I recently changed my oil, and I didn't have quite enough oil to top it off so I used HD-30 oil for my last .7 out of 4 quarts total. My car normally takes 5W-30 and after a little research I figured that it would be OK. Unfortunately, my car has a hard time starting up after sitting for a while now. I have to give it some gas to get the engine started up, which I'm concerned may be a sign that it wasn't a good idea to use this oil. On the other hand, I've read that it may just be the oil cleaning out the car, which I assume would be a good thing. It does spit out some black smoke from the exhaust when it has those difficult starts which I hope is residue being cleaned out. It is a '99 Saturn SC2 with 155,000 miles on it.

  • So it "does" or "doesn't" spit out smoke (please reread your comment as it is confusing)?? Also, what color is the smoke (blue/black/white)? What year/make/model/engine of car? How many miles? Any other pertinent details you are leaving out? Commented Nov 26, 2014 at 11:00
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    HD stands for 'Heavy Duty' not High Detergent Commented Nov 26, 2014 at 16:38

4 Answers 4


While I agree with Allan that you should clean out the oil and put what is recommended into the system, I think the problem is not the oil. I think you might have a leaking injector causing your hard start/black smoke on start-up issue. This is the reason I asked about the color of the smoke, as it makes a huge difference in the diagnosis. If you run some decent fuel additive through you tank (such as Seafoam, Royal Purple, or BG-44k), I think you'll see a marked improvement in how it starts. You may also try cleaning your MAF and throttle body and check to ensure the air filter is good. I'd need to know when the last time the O2 sensors and spark plugs were changed to tell you if you might need to replace those as well, but in most cars, the recommended change interval is around 100k miles.

  • I'm concerned that the smoke might actually be blue, although it doesn't smoke much now, what is the case if it is?
    – ShaneBird
    Commented Nov 29, 2014 at 23:56
  • Why don't you find out if the smoke is blue, then I'd have you ask a new question and we can answer that ... you are trying to open a can of worms which you really don't need to at this point. I still think your issue is separate from putting the wrong oil into your crank case, it just decided to show it's ugly head after this happened or you actually noticed something which had already been going on. Commented Nov 30, 2014 at 0:01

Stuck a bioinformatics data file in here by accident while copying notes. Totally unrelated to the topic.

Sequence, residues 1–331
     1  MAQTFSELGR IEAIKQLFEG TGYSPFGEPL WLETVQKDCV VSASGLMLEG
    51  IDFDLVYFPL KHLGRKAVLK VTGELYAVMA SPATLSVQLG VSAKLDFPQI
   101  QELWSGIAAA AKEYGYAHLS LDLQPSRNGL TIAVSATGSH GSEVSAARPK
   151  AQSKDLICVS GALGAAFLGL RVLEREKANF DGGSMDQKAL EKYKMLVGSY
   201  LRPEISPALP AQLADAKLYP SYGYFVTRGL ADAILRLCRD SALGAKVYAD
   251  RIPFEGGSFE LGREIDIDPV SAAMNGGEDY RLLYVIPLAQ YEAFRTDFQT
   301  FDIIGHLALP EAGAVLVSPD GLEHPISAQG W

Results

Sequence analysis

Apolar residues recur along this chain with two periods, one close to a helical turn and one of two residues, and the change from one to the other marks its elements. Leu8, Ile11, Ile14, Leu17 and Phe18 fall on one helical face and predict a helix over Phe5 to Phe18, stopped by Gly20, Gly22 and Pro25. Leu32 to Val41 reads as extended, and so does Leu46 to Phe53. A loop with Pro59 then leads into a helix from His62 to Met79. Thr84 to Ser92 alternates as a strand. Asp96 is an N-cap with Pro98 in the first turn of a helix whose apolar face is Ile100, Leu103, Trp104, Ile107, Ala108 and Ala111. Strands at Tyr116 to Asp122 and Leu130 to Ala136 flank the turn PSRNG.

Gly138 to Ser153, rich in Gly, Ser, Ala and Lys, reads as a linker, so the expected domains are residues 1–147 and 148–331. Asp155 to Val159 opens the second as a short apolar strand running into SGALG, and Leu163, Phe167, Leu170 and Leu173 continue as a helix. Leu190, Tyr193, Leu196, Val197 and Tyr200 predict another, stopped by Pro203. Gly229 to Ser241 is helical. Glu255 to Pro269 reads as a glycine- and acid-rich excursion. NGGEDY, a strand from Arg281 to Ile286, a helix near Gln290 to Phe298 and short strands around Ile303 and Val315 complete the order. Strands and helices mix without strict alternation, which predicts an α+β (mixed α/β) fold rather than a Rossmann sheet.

• Sorry, it's just hasn't been smoking anymore. This problem certainly didn't happen before the oil change but I did just replace the starter also but I didn't think that would cause the problem although I may have been wrong.
    – ShaneBird
    Commented Nov 30, 2014 at 8:41
  • Sorry for the complications, it managed to smoke up yesterday and the smoke is certainly white.
    – ShaneBird
    Commented Dec 2, 2014 at 15:35
  • @ShaneBird ... white smoke usually indicates an issue with water (coolant) leaking into the combustion process somehow. This usually means a blown head gasket or leak at the intake gasket where the coolant travels through it. Commented Dec 2, 2014 at 19:29

HDEO is allowed only if it is SM/SN rated on the container, HDEO is better because it can take the rigors of Diesel use.


HDF-30 as I understand it is for for engines like that found in tractors or off-road plant. Whilst not saying your starting and smoke is directly attributable to the addition of this oil (25%) I would think that it quite probable. Use an engine flush treatment whilst replacing this mix with its correct oil to put your engine on an operational safe side, even if only to eliminate any doubt.


Single grade oil is thicker than multigrade when starting a cold engine, more so as the temperature gets colder. In cold weather this might result in labored cranking and slow starts.

Once warmed up, a 30 weight is a 30 weight.

Engine oil cleaning should not result in noticeable changes in exhaust.

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